Civil Liberties

Maybe Your Kid Won't Be Ear-Tagged After All. Student-Tracking Loses Favor.



They've tried monitoring students with RFID chips, video cameras, intrusive phone apps, fingerprint scanners, and demands for social media passwords. And along the road to clasping school kids in the smothering embrace of complete and total safety at every single moment (guaranteed!) public school educrats have managed something extremely impressive: they've freaked normal human beings right the fuck out. Some states now see a backlash, as parents come to realize that letting bureaucrats follow their offspring everywhere is both creepy and unwise.

At Stateline, Jeffrey Stinson writes:

But those tools, which are supposed to make schools safer and more efficient, have become a flashpoint for controversy. Several states are now banning or restricting the use of the technology in schools, as worries over student privacy have risen amid breaches of government and commercial computer databases.

This year, Florida became the first state to ban the use of biometric identification in its schools. Kansas said biometric data cannot be collected without student or parental consent. New Hampshire, Colorado and North Carolina said the state education departments cannot collect and store biometric data as part of student records.

New Hampshire and Missouri lawmakers said schools can't require students to use ID cards equipped with radio frequency identification (RFID) technology that can track them. The new laws are similar to one Oregon passed last year and what Rhode Island Iawmakers passed in 2009.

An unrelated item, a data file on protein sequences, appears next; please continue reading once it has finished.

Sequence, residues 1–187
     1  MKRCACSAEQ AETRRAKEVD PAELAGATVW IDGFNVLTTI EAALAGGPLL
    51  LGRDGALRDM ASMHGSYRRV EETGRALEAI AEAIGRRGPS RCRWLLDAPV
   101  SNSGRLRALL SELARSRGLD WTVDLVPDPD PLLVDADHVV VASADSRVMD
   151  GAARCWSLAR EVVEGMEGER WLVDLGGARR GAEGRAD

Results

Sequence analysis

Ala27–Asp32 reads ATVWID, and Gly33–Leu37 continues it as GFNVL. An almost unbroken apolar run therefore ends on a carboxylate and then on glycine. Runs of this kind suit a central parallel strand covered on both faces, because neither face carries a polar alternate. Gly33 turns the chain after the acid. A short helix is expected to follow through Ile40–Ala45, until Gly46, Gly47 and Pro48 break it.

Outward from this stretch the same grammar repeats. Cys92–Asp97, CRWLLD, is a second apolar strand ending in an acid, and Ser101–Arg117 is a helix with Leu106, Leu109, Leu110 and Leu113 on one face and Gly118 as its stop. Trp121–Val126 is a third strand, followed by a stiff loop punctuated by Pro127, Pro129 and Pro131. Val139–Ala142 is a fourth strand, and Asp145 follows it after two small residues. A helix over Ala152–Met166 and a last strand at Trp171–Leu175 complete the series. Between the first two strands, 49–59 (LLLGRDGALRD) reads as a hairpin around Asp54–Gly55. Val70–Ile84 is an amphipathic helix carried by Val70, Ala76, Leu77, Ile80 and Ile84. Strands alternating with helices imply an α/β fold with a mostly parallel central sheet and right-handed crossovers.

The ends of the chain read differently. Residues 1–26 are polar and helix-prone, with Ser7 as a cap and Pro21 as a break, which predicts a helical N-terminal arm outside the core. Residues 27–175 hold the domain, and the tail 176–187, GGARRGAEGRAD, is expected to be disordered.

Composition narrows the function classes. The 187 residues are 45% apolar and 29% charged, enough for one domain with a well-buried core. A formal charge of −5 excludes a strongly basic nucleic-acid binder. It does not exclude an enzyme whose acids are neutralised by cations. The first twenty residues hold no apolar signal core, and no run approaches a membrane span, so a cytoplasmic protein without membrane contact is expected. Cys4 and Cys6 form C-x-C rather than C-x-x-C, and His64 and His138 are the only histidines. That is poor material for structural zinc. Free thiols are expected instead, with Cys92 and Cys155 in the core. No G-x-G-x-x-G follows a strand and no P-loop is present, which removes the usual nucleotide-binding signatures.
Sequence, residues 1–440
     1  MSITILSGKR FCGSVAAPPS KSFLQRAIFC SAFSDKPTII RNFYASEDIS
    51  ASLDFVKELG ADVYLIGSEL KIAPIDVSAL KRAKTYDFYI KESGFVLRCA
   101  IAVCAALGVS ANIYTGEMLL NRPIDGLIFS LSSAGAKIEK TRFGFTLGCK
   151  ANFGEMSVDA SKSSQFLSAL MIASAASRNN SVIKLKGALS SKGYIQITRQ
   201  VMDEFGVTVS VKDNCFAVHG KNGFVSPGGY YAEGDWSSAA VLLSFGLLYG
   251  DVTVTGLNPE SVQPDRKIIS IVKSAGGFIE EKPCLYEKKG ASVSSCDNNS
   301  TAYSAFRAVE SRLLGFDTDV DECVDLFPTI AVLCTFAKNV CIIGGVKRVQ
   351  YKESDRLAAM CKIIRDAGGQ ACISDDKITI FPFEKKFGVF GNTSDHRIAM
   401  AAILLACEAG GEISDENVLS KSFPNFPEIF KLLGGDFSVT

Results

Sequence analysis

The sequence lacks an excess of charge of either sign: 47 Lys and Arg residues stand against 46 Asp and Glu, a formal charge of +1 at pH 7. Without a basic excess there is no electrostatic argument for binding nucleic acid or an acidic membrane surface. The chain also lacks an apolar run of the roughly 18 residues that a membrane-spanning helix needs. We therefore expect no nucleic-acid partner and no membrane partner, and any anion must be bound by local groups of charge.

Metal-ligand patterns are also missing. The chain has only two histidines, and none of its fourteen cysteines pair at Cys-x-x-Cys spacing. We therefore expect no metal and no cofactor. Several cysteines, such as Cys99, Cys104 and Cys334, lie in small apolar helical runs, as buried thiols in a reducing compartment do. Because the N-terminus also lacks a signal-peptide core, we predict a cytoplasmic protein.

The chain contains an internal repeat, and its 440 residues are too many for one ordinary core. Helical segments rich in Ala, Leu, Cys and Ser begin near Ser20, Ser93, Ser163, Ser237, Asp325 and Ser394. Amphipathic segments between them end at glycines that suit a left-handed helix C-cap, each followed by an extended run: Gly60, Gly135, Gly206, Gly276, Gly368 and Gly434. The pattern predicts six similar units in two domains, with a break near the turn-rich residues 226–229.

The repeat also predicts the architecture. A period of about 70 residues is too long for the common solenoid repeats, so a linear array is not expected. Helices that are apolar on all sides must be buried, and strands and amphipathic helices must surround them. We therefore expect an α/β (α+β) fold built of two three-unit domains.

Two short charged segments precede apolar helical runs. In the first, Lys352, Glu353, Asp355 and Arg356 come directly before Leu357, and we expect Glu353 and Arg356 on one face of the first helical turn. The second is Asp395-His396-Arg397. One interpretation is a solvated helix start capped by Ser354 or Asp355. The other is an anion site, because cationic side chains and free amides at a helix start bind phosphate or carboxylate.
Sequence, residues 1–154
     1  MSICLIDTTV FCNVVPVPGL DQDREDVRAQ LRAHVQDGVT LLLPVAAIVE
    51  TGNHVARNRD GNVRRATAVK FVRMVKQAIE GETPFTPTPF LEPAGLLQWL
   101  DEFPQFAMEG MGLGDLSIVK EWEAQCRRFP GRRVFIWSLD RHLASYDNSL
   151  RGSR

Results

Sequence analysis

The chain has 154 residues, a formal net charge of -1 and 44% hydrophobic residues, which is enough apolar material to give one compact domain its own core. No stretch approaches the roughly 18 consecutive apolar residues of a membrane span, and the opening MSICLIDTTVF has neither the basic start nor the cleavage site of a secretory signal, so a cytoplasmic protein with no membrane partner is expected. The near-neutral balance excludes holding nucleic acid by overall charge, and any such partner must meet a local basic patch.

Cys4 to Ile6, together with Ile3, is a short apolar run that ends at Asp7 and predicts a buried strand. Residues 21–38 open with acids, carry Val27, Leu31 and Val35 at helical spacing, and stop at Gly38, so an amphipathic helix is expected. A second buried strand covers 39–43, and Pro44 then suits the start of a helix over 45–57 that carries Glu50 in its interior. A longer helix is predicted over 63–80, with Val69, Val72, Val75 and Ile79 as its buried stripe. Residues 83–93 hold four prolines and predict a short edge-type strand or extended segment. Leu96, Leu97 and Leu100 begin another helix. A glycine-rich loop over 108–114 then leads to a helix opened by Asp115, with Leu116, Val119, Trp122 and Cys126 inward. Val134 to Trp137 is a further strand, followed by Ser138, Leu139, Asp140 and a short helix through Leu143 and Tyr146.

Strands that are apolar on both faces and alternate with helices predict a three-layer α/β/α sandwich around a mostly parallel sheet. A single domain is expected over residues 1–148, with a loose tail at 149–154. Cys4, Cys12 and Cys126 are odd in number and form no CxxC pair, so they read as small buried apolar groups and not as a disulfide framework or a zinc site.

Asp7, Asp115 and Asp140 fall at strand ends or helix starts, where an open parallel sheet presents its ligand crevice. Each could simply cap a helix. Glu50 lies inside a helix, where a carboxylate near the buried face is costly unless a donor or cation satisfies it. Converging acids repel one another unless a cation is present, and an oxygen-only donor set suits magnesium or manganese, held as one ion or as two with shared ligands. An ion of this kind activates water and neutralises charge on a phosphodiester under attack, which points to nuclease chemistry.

The laws reflect a growing sense of unease among parents and lawmakers about new technology, how it's being used, what student data is being collected and stored and what security protects the information.

Many school officials and the companies that supply the technology insist that tracking the little darlings is a swell idea, and perfectly safe, too. But even people who aren't inherently offended by constant monitoring are aware that no database  completely safe, and that government databases leak like sieves even when they're not being actively abused by the officials with access to them.

Nobody really knows how many schools have gone the total-surveillance route, so whether this is a serious rebellion or merely a speedbump on the road to panopticon is anybody's guess. Is it really necessary to point out that the police state environment is just one more reason to avoid public schools?

Note: My son is homeschooled. He's in the front yard. I think.